33 Es gewann in derjüngeren Forschung dieOberhand: vgl. Breitenbach 1967: 1575, ganzbesondersRahn, sowie Tuplin undLendle 1999: 190. NurGreen 1994 versuchte wieder, es anzugreifen, ohne überzeugen zukönnen. 34 Die Konstruktion vonHiggins 1977 undGreen 1994, daßGrund (3) nurderinoffizielle, aber

wahre Grund derVerurteilung gewesen sei, entgeht daher demArgument nicht. Zusätzlich wäre dagegen noch einzuwenden, daßXenophon viel zuwenig Anteil anderHerrschaft derDreißig hatte – wir wissen auch vonkeinem anderen deswegen gerichtlich verfolgten Hippeus – und daßer auch als Sokratiker eine viel zugeringe Bedeutung besaß – selbst bedeutendere Sokrates-Schüler sind nicht angeklagt worden –, als daßdarin mit Green 1994 die wahren Gründe (αἰ τίαι) seiner Verurteilung zu suchen wären. Der aktuelle Anlaß für denProzeß, denGreen 1994: 224f. konstruiert, dieAthener hätten Xenophon präventiv verbannt, ausFurcht, erkönne seine Söldnertruppe denathenischen Oligarchen inEleusis zuführen, kannnoch weniger ernstgenommen werden. Greens These ist daher in Jehne 1997: 224f. zu Recht als “extrem artifiziell” bezeichnet worden.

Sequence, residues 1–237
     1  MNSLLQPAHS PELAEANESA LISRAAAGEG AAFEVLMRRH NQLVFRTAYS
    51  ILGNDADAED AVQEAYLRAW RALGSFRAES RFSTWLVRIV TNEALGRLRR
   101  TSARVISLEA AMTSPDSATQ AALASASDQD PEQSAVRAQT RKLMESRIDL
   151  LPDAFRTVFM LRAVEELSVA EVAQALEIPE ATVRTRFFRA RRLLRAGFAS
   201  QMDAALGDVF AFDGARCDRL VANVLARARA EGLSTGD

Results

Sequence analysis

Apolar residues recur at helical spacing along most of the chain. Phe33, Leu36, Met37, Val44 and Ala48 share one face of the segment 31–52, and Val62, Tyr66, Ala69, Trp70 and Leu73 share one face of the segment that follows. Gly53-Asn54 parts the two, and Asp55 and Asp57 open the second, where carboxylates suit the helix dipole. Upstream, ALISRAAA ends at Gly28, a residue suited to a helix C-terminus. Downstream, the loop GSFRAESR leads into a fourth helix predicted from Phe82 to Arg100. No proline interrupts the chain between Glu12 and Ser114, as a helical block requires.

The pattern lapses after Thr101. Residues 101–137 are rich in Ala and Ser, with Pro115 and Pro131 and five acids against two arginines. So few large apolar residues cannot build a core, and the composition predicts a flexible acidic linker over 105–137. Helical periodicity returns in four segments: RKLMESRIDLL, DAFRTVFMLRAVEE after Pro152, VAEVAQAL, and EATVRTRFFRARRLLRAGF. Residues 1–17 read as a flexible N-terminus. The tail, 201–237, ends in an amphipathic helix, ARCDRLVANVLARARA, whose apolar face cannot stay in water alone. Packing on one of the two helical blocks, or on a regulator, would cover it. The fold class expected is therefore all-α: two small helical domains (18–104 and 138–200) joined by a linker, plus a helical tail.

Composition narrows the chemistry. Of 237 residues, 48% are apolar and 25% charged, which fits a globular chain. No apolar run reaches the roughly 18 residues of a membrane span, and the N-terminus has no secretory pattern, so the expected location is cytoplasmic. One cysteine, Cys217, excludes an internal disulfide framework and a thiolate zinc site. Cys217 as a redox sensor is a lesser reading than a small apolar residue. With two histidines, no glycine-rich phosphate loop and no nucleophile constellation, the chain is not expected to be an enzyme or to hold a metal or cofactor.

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Gleichsam als Gegenprobe läßt sich dasgleiche Ergebnis auch voneiner anderen Seite herbegründen. Für 399 ist in Athen ein Interesse, Xenophon wegen der genannten Vergehen zuverfolgen, kaumvorstellbar. DerKyroszug selbst hatte für Athen vonAnfang annureine geringe Bedeutung, hataber nach demToddesKyros bei Kunaxa jegliche Relevanz verloren. Warum sollten die Athener einen großen politischen Prozeß gegen den zunächst gewiß unbekannten Xenophon inszeniert haben, dessen Überleben in derZeit nach Kunaxa an einem seidenen Faden hing? Aber auch nach der Rückführung der Zehntausend, als Xenophon einigen Athenern vielleicht ein Begriff wurde, konnten seine Gegner, wenn es diese gab, darauf hoffen, daßer im Kampf gegen die Perser umkommen würde, wie es viele Demokraten nach demZeugnis Xenophons (Hellenika 3.1.5) dendreihundert Hippeis wünschten, diemanzuThibron schickte unddenen auch niemand denProzeß machte, obwohl sie als demokratiefeindlich galten. Dies alles warabdemSommer 395 ganz anders. Persien hatte dieGriechen zu einer antispartanischen Koalition ermuntert, der sich auch Athen anschloß. Xenophon befand sich imHeer desausKleinasien abgerufenen Königs Agesilaos, dessenHochschätzung er genoß. In dieser Situation, seitdem Agesilaos gegen dasmit Athen verbündete Böotien vorrückte, mußte der erfahrene Heerführer Xenophon, undzwargleichgültig, oberanderSchlacht vonKoroneia persönlich teilnahm oder nicht, denAthenern alsbedrohendes Element vorkommen. Erstjetzt ergab es einen Sinn, ihnalsLandesverräter anzuklagen. Auch dieses Argument derangemessenen historischen Situation ist nicht neu, esläßt sich aber wiederum verstärken, undzwar durch denHinweis aufdieErfahrungen, dieAthen mitdemabtrünnigen Alkibiades gemacht hatte, der aus demspartanischen Exil heraus seiner Heimatstadt im Pe-